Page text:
The nation is in truth powerful, and the conservatives boast of defending their supremacy, although in doing so they omit mention of the enormous human cost. The history of North American power is therefore one of expansion with the extermination of the Indians, of agricultural prosperity with slavery, of industrial prosperity with the exploitation of labor, of wars waged to expand our power abroad while progressives fought for human rights at home, and, most recently, of wasting trillions in wars against “terrorism” abroad while the country falls apart economically.
It’s a largely-irrational reality that can be understood only by taking into account the U.S. is the result of two ideological currents with opposing objectives. Supremacy in the global context is without a doubt the Republican objective, and its foreign policy is, logically, the irritant in the relations with the rest of the world.
North American imperialism and its corresponding anti-imperialism are consequently no more than the globalization of the internal conflicts of North American reality. The Republicans call themselves patriots because they defend the original postulates of the republic, as wrong as those may have been. They quote frequently from the Bible to justify their “traditionalism,” while defending the interests of the rich who identify so much with money; and they are so few in relation to the people that they represent in reality the individualism and greed that generates poverty for the many. They accuse the Democrats of being anti-American, socialists, communists, and therefore traitors to the “capitalist” homeland founded by their ancestors.
Abroad, they also accuse progressives of being anti-American in order to mark them as “a danger to national security, and terrorists by association.” Terrorism, however, has nothing to do with anti-imperialism, as the former is a crime against humanity that caused deaths around the world long before it was used by Islamist extremists against the U.S. They, too, surely have their own reasons to fight against empires, but unlike the anti-imperialists they do not do it with the power of the vote in a democracy.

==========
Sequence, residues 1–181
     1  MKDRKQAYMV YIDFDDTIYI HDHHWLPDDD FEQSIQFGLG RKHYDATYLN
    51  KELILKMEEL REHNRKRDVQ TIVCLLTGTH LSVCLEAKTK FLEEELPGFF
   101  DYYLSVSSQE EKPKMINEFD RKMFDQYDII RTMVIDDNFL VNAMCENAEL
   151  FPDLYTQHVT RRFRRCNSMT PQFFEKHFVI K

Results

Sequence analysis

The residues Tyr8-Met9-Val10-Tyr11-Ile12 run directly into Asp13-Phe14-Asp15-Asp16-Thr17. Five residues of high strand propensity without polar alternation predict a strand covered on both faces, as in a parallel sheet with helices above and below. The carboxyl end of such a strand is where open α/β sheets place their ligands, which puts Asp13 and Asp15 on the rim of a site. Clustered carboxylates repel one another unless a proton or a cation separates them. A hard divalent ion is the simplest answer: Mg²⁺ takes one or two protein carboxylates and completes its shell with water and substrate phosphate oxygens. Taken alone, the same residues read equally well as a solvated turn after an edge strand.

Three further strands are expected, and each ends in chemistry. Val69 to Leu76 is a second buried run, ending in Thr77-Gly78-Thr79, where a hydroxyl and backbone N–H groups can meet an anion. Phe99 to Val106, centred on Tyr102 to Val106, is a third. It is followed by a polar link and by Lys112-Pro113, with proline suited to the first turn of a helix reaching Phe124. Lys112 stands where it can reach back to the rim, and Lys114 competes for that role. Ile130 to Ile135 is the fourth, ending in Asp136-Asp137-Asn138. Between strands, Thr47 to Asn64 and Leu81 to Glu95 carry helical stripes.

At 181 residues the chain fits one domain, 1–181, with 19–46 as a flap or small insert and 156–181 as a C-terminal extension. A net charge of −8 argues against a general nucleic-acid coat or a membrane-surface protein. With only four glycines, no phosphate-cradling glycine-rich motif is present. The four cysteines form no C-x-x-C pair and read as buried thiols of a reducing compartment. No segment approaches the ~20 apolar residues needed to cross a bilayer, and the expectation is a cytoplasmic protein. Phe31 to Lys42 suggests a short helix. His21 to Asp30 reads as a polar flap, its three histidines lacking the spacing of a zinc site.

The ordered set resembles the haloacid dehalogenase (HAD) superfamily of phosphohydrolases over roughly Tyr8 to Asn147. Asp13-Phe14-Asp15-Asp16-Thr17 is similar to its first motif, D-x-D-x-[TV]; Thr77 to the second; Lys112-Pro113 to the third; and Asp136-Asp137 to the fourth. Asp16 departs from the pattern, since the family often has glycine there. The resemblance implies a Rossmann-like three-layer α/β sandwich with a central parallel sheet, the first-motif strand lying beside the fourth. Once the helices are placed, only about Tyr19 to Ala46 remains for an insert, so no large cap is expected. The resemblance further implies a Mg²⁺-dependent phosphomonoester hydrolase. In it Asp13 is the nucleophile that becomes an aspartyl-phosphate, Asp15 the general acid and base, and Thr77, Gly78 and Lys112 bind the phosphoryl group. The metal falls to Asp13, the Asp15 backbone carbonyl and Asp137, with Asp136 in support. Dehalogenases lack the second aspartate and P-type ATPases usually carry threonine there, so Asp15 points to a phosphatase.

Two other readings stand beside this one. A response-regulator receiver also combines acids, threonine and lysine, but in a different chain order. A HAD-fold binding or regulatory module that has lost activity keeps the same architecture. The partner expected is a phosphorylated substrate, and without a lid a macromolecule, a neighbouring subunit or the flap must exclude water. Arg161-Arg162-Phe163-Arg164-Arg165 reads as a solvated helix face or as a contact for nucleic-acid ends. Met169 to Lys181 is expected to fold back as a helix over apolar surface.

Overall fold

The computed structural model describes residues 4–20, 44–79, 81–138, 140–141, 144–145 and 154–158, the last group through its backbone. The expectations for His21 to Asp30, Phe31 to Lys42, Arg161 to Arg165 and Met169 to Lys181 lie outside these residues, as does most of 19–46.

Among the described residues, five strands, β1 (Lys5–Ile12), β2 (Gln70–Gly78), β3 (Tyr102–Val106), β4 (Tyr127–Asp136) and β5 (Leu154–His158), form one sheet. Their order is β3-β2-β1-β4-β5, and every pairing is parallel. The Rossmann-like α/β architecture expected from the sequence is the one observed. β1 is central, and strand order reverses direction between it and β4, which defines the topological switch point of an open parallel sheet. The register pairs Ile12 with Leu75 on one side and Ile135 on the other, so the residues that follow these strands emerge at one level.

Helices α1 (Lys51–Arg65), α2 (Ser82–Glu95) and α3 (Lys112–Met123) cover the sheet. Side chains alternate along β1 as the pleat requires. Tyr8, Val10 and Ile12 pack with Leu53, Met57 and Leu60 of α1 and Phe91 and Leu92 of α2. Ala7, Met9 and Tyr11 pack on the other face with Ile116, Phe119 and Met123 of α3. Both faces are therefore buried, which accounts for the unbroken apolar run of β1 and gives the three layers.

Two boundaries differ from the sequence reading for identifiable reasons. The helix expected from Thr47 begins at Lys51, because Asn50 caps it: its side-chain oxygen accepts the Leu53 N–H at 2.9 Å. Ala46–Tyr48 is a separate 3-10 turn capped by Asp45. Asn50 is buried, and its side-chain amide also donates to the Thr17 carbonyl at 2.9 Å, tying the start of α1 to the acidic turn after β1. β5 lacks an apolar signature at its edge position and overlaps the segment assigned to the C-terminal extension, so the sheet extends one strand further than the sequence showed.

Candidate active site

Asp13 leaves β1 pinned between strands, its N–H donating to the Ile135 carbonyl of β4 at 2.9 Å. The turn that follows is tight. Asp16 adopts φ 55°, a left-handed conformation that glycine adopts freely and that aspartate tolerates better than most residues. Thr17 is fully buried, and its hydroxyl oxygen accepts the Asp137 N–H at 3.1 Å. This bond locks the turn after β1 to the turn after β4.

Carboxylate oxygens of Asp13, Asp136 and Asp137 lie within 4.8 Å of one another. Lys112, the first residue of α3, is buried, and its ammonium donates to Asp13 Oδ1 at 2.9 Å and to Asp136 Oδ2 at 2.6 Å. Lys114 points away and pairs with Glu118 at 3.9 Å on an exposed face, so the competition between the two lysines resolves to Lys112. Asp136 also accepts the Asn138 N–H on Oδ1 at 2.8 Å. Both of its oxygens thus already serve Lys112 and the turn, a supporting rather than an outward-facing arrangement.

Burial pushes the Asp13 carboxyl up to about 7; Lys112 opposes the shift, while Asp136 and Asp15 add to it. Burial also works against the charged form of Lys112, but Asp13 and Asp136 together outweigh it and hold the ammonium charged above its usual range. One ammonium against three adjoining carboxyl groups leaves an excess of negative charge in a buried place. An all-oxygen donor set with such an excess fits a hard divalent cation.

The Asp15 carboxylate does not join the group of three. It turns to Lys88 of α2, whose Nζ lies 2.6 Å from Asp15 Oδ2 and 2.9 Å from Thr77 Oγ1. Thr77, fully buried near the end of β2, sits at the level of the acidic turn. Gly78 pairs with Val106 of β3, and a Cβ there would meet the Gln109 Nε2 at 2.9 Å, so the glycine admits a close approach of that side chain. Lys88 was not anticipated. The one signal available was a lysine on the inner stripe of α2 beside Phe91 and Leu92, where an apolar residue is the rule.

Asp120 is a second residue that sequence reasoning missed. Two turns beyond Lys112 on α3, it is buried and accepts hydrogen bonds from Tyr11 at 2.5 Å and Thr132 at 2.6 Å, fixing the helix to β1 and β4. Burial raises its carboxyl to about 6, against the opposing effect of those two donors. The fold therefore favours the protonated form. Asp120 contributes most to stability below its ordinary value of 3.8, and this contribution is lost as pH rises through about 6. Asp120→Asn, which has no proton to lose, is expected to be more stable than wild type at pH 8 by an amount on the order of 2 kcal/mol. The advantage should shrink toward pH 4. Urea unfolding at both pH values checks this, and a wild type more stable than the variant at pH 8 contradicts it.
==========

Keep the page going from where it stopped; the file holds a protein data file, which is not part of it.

Terrorism is not justifiable under any point of view, and should be eliminated from the face of the earth, the same as imperialism. But, until that happens, humanity can not allow itself to be confused by the religious radicals of both extremes. Anti-imperialism is as legitimate as it is democratic, and represents, further, the internationalization of the noblest progressive North American ideals: the right to life, liberty, dignity, health, social justice, and, of course, family. That is our connection with others and therefore with the flow of life. The Republicans are so disconnected from that life that they invented the shortcut of attributing it to God, with whom they presume a direct connection.
The difference between the anti-imperialists and the imperialists, accordingly, reduces to the difference between progressives and conservatives: the old dilemma of “to be or not to be”… part of humanity.